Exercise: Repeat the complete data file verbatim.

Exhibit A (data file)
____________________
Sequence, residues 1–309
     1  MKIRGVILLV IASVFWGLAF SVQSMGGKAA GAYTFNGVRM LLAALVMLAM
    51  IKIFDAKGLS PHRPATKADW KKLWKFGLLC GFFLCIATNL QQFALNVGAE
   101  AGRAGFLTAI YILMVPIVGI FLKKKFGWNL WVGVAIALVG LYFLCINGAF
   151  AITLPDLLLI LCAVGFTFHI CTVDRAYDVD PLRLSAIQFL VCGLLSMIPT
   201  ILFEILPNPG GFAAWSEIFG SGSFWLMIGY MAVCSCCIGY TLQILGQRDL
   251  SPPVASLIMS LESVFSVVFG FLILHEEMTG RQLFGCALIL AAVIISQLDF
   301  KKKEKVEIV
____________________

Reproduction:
Sequence, residues 1–309
     1  MKIRGVILLV IASVFWGLAF SVQSMGGKAA GAYTFNGVRM LLAALVMLAM
    51  IKIFDAKGLS PHRPATKADW KKLWKFGLLC GFFLCIATNL QQFALNVGAE
   101  AGRAGFLTAI YILMVPIVGI FLKKKFGWNL WVGVAIALVG LYFLCINGAF
   151  AITLPDLLLI LCAVGFTFHI CTVDRAYDVD PLRLSAIQFL VCGLLSMIPT
   201  ILFEILPNPG GFAAWSEIFG SGSFWLMIGY MAVCSCCIGY TLQILGQRDL
   251  SPPVASLIMS LESVFSVVFG FLILHEEMTG RQLFGCALIL AAVIISQLDF
   301  KKKEKVEIV